The tobacco industry heavily targets young adults ages 18-21 in order to recruit new tobacco users and guarantee profits. About 95 percent of current adult smokers started before they were 18. [i]
A 2015 report from the National Academy of Medicine (formerly the Institute of Medicine) found that increasing the legal age to buy tobacco to 21 would decrease smoking initiation among 15-17 year olds by 25 percent. [ii] A Minnesota-specific study looked at the impact of raising the tobacco age and found that 25 percent fewer 15-year-olds would start smoking by the time they turn 18. This translates into 30,000 young people not becoming smokers over the next 15 years. [iii] If youth don’t smoke by the time they are 21, they likely never will.
Why This Matters
Nicotine is addictive and particularly harmful to the developing adolescent brain. Evidence suggests that nicotine interferes with brain maturation and can have a long term effect on cognitive development and mental health. [iv] The long-term effects of nicotine on the adolescent brain is a significant public health concern. [v], [vi]
Any step to prevent youth from becoming addicted to tobacco products is a step in the right direction, especially in the face of the youth nicotine epidemic.
Federal, State and Local Efforts
As of December 2019, 19 states – Arkansas, California, Connecticut, Delaware, Hawaii, Illinois, Maine, Maryland, Massachusetts, New Jersey, New York, Ohio, Oregon, Pennsylvania, Texas, Utah, Vermont, Virginia and Washington – had raised the tobacco age to 21, along with Washington, DC and more than 540 localities.
On Dec. 20, 2019, President Trump signed Tobacco 21 into federal law. Raising the national tobacco sales age to 21 is a victory for youth and health, but state and local action is still needed to maximize health benefits. ANSR continues to work with state and local partners to implement this policy and pursue a comprehensive approach to tobacco prevention and cessation here in Minnesota.
As of May 2020, 75 Minnesota cities and counties raised the tobacco sales age to 21. This set the table for the Minnesota State Legislature to pass a Tobacco 21 law in May that ensured all youth in the state are protected.
ANSR provided signage for vendors across the state. If you need more signage, please us at firstname.lastname@example.org.
Resources for Law Enforcement and Schools
Alternatives to Penalties for Youth
Penalties on underage possession, use, and purchase of tobacco have not been proven to reduce tobacco use. The Centers for Disease Control and Prevention (CDC) recommends education, counseling, and support to reduce youth use. Research shows that punitive measures against young people can results in unintentional consequences and increase the likelihood of youth initiation. The community programs for youth listed below are available as alternatives to punitive measures.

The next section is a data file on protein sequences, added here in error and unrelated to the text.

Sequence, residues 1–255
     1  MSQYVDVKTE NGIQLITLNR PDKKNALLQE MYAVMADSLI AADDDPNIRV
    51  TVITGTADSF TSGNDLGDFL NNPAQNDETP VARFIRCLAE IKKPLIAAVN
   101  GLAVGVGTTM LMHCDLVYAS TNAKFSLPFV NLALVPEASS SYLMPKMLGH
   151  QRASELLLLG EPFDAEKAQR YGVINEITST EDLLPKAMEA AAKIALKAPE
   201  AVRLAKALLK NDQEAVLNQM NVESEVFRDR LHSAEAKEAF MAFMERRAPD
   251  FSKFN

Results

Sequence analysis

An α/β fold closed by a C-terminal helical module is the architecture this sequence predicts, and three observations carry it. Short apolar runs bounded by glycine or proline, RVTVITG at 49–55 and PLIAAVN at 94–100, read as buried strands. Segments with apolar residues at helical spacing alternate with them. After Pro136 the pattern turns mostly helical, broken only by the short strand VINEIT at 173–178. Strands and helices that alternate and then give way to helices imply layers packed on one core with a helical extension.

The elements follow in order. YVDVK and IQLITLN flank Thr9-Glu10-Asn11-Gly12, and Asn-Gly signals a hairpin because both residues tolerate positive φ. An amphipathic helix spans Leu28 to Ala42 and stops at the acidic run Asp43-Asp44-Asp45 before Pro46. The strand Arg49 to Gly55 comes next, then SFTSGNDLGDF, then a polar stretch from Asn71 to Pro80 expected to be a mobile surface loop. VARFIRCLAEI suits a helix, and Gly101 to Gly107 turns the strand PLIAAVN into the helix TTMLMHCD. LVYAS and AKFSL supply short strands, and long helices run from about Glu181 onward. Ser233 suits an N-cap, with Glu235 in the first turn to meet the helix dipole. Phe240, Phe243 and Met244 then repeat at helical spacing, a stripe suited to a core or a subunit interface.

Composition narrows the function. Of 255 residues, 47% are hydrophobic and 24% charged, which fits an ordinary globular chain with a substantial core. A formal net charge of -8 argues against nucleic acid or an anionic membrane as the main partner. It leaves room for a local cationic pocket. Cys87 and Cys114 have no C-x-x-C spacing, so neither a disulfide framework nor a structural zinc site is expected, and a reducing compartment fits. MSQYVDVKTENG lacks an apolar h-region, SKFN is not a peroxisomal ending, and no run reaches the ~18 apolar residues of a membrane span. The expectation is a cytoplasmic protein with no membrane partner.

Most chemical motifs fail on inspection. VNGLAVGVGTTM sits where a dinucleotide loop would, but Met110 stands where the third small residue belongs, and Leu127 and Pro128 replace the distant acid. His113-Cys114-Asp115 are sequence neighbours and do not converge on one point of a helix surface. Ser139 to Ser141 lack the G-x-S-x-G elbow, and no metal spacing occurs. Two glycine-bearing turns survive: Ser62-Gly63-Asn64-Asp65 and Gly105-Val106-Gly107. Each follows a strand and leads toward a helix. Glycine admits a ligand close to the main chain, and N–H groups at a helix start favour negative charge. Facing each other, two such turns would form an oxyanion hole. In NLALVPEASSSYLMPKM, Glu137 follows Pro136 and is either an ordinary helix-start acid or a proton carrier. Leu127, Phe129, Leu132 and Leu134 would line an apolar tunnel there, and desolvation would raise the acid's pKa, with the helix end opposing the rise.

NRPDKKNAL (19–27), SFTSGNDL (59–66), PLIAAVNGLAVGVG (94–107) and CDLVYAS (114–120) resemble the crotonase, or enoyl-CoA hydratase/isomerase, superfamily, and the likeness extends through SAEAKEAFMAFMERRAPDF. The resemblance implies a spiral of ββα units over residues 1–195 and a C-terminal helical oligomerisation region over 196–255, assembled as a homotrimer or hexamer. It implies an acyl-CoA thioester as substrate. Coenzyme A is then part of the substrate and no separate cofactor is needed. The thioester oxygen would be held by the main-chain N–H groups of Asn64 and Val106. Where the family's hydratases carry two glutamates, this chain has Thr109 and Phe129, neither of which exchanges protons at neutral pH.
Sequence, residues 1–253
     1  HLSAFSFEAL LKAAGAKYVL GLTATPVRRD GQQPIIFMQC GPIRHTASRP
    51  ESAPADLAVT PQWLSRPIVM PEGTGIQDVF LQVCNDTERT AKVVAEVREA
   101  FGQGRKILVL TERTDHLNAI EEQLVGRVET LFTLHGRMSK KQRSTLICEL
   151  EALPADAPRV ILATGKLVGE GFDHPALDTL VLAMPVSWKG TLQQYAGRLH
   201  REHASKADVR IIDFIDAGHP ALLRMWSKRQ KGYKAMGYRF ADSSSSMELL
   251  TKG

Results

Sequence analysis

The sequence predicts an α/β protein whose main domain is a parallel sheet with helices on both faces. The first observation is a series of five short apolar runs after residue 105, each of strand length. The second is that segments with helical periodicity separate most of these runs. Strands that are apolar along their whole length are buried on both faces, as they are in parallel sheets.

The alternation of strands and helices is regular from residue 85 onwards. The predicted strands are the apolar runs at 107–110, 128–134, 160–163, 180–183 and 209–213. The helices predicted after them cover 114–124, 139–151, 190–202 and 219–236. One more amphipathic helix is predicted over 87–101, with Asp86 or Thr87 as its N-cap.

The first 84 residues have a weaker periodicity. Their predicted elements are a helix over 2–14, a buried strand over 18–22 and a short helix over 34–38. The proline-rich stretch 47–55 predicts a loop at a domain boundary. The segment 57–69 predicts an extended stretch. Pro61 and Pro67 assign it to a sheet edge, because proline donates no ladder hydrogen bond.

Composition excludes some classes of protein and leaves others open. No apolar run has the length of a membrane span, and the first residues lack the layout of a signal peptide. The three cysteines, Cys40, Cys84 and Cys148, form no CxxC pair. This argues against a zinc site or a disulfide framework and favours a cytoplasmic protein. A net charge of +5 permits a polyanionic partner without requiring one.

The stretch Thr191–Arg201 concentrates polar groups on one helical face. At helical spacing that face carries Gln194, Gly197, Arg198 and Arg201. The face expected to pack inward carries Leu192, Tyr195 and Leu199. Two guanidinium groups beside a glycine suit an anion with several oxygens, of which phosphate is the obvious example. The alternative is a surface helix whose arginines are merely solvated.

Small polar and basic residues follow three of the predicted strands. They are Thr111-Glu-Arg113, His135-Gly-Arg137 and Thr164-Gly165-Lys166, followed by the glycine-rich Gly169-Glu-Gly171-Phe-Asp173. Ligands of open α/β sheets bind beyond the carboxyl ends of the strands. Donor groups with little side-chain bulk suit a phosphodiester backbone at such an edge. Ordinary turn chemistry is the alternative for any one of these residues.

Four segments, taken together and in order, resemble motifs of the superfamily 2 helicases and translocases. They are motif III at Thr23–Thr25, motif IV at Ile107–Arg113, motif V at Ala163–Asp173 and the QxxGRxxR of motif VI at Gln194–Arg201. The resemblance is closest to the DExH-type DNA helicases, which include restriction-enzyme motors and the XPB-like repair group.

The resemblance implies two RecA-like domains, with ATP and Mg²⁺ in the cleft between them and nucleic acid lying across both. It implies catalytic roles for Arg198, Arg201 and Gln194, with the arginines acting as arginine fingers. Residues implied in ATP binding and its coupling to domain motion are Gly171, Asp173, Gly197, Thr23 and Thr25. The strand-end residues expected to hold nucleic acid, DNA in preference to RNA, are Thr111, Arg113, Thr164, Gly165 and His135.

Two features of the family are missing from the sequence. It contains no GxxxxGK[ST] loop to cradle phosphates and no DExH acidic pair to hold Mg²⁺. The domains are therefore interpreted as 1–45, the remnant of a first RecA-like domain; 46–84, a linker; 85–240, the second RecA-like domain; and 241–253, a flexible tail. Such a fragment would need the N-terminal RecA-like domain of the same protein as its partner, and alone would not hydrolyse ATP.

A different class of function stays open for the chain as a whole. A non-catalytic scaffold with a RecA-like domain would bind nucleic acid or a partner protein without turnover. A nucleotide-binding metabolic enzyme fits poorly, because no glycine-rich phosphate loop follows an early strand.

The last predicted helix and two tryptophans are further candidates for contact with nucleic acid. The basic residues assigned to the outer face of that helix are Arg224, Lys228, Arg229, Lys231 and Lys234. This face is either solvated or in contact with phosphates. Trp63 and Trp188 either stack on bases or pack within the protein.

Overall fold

|Program Name||Format||Time Frame||Audience||Cost||Facilitator||Contact|
|My Life, My Quit||Quit coaching via text, chat or call||Ongoing||Youth aged 13-18 who want to quit||Free||Self-led||Text ‘Start’ to 36702 or www.mylifemyquit.com|
|In Depth – American Lung Association||Webinars, handouts, and activities||Four 50-minute lessons||Middle and high school||Free||Trained adult||www.Lung.org/INDEPTH|
|Don’t Blow It – Essentia Toolkit||Online video, pre- and post-tests, group discussion option||20-30 min, 35 with group discussion||High school, education and prevention||Free||Educators|
The Real Cost of Vaping – FDA/ Scholastic Toolkit
Online readings, videos, interactive activity, group setting activities, family resource page
45 min + group activities
|Grades 6-8 and 9-12, education and prevention||Free||Educators||www.scholastic.com/youthvapingrisks/index.html|
|Catch My Breath|
In person – PowerPoint, discussions, and activities
|Four 40-min lessons||Grades 5-6, 7-8, high school, education and prevention||Free|
6th grade virtual option $25
|Educators – need trained facilitator (free for “basic” training)|
|Vape, Educate||Online modules and mini-quizzes in-between final exam at the end|
Includes vaping and marijuana education
|5 hours total||Middle and high school students||Starting at $20 for each version||Different versions for parents, educators, and community orgs||https://vapeeducate.com|
|Taking Down Tobacco – Campaign for Tobacco Free Kids||Online webinars and videos||Approx. 90 min||Middle and high school students||Free||Self-led||www.takingdowntobacco.org|
i. U.S. Department of Health and Human Services. Preventing Tobacco Use Among Youth and Young Adults: A Report of the Surgeon General. U.S. Department of Health and Human Services, Centers for Disease Control and Prevention, National 2 Center for Chronic Disease Prevention and Health Promotion, Office on Smoking and Health. 2012.
ii. National Academy of Medicine. Public Health Implications of Raising the Minimum Age of Legal Access to Tobacco Products. National Academy Press. 2015.
iii. Boyle, R., Kingsbury, J. & Parks, M. Raising the Minimum Legal Sales Age for Tobacco to 21. Minnesota Medicine. 2017.
iv. U.S. Department of Health and Human Services. The Health Consequences of Smoking: 50 Years of Progress. A Report of the Surgeon General. U.S. Department of Health and Human Services, Centers for Disease Control and Prevention, National Center for Chronic Disease Prevention and Health Promotion, Office on Smoking and Health. 2014.
v. Goriounova, N., Mansvelder, H. Nicotine exposure during adolescence alters the rules for prefrontal cortical synaptic plasticity during adulthood. Frontiers in synaptic neuroscience. 2012.
vi. Nelson, D. et al. Long-term trends in adolescent and young adult smoking in the United States: metapatterns and implications. Am J Public Health. 2008.